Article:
A comparison with the Federal Reserve Total Index of Industrial Production, seasonally adjusted shows a correlation with the decline in oil consumption. The U.S. industrial production index grew at a 3.65% CAGR between 1965 and 1980, but decelerated to only 2.48% CAGR between 1980 and 2005. I don’t believe anyone would argue that U.S. consumption of manufactured goods slowed dramatically while our population grew during that time frame. The U.S. simply obtained its goods from external rather than internal production. This is shown in records of the Foreign Trade Division of the U.S. Census Bureau.
In the 1960 through 1970 period, the U.S. actually ran a balance of trade surplus in goods, and not until 1984 did it cross $100 billion deficit balance of trade in goods. Since then the balance of trade deficit in goods has accelerated sharply to $1,473 Billion in 2005.
It is at least worthy of review, that the U.S. move to a service economy, our supposed aggressive improvement in energy efficiency, and our exploding balance of trade deficit are actually an interrelated result of merely off-shoring our manufacturing base. Of course, this merely shifts oil demand to a different part of the globe, not representing conservation but just movement to where cheaper labor could offset higher energy costs to mute the inflationary impact.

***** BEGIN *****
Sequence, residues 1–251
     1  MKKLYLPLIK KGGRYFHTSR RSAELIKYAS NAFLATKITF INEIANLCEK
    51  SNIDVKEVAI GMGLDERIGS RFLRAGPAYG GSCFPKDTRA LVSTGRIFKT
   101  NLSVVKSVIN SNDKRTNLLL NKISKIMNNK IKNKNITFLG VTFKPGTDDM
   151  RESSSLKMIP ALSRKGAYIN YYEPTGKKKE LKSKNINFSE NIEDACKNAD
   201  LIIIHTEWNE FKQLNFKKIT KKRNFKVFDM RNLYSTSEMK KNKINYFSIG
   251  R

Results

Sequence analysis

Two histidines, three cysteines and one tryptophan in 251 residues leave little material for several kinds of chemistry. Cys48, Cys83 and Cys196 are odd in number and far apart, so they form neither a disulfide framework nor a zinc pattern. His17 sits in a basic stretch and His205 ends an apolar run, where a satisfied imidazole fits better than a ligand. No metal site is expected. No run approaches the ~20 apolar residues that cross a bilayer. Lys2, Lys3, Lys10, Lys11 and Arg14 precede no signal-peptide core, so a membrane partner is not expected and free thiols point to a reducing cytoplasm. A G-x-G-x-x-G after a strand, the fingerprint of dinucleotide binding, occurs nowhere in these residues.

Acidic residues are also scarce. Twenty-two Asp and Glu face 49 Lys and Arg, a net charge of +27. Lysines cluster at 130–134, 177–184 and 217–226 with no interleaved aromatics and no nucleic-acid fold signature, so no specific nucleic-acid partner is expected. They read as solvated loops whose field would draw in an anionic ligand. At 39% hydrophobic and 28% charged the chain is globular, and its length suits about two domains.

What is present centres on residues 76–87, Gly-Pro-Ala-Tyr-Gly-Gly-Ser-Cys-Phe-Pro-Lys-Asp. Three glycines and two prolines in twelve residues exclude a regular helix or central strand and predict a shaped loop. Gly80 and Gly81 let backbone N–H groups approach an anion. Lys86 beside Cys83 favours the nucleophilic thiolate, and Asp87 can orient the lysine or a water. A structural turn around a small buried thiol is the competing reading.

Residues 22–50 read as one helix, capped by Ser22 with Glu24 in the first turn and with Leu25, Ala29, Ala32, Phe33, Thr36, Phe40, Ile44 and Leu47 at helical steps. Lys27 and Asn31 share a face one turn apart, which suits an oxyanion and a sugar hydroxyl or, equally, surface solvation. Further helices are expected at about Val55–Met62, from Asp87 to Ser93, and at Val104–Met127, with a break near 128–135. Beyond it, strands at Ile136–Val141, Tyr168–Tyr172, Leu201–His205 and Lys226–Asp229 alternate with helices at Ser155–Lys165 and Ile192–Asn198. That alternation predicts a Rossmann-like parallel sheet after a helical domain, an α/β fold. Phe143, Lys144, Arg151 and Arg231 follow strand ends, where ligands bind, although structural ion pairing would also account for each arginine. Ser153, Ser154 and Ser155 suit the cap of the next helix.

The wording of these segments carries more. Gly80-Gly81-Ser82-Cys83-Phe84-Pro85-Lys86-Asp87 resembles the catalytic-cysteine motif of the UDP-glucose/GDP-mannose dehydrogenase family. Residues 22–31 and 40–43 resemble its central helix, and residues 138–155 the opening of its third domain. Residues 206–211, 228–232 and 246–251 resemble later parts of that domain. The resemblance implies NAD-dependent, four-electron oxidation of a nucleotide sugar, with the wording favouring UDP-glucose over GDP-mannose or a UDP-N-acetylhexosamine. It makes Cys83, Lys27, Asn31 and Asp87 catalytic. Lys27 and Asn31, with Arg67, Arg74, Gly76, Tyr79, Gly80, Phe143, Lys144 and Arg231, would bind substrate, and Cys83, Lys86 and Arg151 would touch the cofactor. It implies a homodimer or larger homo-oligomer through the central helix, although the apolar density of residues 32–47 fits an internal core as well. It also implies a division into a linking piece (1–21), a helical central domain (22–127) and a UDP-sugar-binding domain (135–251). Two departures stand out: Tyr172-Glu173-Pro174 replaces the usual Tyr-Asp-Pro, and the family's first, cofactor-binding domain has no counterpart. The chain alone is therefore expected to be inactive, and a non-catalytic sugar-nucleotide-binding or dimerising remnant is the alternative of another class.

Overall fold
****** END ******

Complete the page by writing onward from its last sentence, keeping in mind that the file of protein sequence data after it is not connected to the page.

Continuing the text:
Indeed, a review of total oil consumption globally shows merely a transitional pause in the early 1980’s (as industry moved from the west to the developing countries and substituted labor for energy) and then resumed the upward growth in demand. This substitution of labor for energy was possible in the oil shocks of the 1970’s-1980’s as there was adequate availability of substitutable labor and spare capacity in oil production via withheld volumes from the market. The current situation, however, sees China and India rapidly industrializing, lessening the pool of available “labor at any price,” and increasing the cost structure of the energy substitute in the factors of production. More worrisome is the lack of spare capacity in oil production as we no longer have withheld volumes.
This time, we are in a true supply/demand balance situation, not artificially caused through withheld volumes. The world also is more uniformly developed and with less ability to substitute raw labor for energy.
Accordingly, faith in conservation as a solution is misguided. It is a necessary but insufficient part of the response to rising energy costs.
By Gregory J. Winneke, CFA, CMM